Iran has the long-term potential to become one of the world’s top gas producers, thanks to its 34 trillion cubic meters of natural gas reserves, or around 18% of the world’s total, Fitch Ratings said in a report on July 10.
However, Fitch believes that even if international sanctions on the country are lifted, it will take at least five years to ramp up production and build the pipelines necessary to become a large gas exporter.
The higher cost and complexity of liquefied natural gas (LNG) projects means significant LNG exports would take a decade or longer to materialize, Fitch said.
It noted Iran is planning a number of gas export pipelines pending the removal of international sanctions.
There are currently no transit pipelines in Turkey to deliver gas to the European markets, Fitch said. The only pipeline which is currently under construction is the 16 bcm Trans-Anatolian Natural Gas Pipeline (TANAP), which will bring 10 bcm of Azerbaijani gas via Turkey and Greece to Italy via another yet-to-be-constructed Trans Adriatic Pipeline (TAP).
Fitch believes that while it may be possible to increase the throughput of TANAP and TAP to accommodate Iranian gas by building one or several gas compression stations, such construction as well as gas production ramp-up in Iran could take several years.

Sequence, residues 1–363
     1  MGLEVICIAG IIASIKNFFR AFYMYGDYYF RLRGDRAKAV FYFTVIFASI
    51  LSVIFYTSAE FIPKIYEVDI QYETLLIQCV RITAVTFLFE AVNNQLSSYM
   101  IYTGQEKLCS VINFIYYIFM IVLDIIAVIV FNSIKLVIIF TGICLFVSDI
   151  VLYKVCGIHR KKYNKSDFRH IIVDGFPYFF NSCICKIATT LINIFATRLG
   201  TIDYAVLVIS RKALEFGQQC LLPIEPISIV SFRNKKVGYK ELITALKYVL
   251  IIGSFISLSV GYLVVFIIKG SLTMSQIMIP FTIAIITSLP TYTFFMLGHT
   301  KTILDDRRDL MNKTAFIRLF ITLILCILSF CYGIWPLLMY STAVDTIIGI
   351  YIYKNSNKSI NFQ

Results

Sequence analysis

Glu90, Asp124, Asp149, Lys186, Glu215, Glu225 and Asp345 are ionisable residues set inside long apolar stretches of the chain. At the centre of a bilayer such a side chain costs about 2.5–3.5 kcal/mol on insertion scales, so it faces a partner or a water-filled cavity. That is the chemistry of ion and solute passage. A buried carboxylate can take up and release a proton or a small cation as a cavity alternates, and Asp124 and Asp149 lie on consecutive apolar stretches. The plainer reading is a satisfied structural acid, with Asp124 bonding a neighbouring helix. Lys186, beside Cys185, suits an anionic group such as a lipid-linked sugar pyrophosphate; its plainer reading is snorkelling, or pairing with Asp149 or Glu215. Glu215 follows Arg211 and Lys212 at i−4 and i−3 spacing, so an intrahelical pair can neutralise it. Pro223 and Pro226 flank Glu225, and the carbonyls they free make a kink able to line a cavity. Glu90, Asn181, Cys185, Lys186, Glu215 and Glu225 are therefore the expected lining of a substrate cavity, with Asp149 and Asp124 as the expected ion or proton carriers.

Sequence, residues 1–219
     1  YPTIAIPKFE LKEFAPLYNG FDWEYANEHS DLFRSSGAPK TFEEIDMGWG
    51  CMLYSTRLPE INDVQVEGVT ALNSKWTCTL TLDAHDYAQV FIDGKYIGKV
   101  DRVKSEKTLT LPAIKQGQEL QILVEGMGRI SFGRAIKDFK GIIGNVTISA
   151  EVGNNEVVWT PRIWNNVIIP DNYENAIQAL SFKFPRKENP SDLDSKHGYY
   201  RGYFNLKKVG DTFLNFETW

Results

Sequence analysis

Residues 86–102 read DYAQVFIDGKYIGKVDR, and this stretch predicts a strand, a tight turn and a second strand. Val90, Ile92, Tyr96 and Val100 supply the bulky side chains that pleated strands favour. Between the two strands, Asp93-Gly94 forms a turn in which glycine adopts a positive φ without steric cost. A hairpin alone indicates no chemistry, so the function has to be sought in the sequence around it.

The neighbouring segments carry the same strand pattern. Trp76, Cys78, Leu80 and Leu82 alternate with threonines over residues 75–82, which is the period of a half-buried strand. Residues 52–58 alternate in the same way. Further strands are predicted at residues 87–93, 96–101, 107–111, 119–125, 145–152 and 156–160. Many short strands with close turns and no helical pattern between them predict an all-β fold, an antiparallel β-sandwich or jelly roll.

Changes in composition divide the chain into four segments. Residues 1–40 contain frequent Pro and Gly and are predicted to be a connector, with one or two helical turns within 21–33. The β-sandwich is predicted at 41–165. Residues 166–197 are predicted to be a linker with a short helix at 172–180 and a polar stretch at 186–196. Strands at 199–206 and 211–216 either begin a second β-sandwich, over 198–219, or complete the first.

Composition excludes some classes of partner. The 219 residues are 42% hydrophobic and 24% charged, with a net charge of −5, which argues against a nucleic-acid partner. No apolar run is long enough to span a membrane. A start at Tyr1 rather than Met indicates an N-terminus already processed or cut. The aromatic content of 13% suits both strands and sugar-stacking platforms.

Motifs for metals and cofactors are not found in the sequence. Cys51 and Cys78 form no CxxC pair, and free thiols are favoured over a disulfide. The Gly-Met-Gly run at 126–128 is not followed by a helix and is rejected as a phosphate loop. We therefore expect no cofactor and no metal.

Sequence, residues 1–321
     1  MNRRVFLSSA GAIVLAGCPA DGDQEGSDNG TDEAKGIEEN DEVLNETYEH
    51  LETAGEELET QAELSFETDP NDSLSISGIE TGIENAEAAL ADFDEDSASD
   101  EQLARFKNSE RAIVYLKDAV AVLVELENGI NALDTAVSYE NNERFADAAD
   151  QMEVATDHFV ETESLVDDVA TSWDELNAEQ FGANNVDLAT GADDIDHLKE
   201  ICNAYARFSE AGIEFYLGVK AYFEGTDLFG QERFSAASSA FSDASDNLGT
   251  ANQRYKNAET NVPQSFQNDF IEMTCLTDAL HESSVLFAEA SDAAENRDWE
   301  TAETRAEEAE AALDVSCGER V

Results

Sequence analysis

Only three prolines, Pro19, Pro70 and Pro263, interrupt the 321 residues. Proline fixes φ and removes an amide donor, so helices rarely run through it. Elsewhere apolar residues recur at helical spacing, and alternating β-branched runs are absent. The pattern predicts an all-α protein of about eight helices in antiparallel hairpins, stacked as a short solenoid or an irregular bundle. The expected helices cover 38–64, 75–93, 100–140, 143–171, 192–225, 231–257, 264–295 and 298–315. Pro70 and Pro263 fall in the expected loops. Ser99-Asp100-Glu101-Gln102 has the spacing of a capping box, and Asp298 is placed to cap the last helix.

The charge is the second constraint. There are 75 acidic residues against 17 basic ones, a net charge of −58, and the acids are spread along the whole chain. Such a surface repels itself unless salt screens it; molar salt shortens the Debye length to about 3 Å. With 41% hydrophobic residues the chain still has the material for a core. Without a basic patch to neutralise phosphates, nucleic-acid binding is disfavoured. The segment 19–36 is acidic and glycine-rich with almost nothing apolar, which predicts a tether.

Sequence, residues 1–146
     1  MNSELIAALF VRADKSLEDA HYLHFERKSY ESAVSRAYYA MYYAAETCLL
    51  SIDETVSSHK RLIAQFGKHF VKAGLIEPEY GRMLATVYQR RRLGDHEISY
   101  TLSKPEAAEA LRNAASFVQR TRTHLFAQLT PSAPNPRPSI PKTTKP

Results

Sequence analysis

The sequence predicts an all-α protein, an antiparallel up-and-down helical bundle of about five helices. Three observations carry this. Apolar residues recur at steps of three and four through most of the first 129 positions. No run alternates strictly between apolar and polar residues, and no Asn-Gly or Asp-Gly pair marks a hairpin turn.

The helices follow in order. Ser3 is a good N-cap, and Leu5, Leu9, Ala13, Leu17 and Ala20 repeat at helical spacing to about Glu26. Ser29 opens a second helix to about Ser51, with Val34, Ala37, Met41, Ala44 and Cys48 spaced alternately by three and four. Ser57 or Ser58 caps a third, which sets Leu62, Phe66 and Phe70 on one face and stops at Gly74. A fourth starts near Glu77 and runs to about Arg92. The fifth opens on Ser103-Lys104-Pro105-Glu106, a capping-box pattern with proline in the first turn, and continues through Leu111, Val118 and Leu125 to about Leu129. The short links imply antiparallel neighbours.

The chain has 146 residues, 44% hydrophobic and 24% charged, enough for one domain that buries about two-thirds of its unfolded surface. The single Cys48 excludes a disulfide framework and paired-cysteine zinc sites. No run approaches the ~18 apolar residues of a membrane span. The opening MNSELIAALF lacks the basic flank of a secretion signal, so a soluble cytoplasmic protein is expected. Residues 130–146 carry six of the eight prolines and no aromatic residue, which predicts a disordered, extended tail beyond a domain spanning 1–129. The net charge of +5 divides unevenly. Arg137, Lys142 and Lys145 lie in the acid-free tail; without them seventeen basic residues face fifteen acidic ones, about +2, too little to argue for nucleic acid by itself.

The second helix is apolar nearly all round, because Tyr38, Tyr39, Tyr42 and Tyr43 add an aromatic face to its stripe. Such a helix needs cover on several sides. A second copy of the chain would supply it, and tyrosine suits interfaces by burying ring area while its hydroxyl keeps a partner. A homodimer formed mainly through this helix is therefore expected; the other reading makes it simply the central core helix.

“Therefore, Iran could become a large gas exporter by the end of this decade at the earliest. Developing LNG capabilities is more costly and would probably take longer, and we do not expect Iran to export large volumes of LNG before mid-2020s,” Fitch said.
Earlier Mohsen Pak Ayeen, Iran’s ambassador to Azerbaijan said that the Islamic Republic may join TANAP, which will carry Azerbaijan’s gas to European markets.
“We are looking into the possibility of buying equity in TANAP, Pak Ayeen said, adding Iran may buy equity in the pipeline, if reaches its production targets by 2018.
Currently Iran and the group P5+1 (the US, UK, France, Russia, China, and Germany) are holding negotiations to reach a comprehensive agreement on the Islamic Republic’s nuclear program.
The sides failed a deadline of July 10 to strike the deal and they have given their talks another extension.
A deal would limit Iran’s nuclear program and in return lift economic sanctions on the country.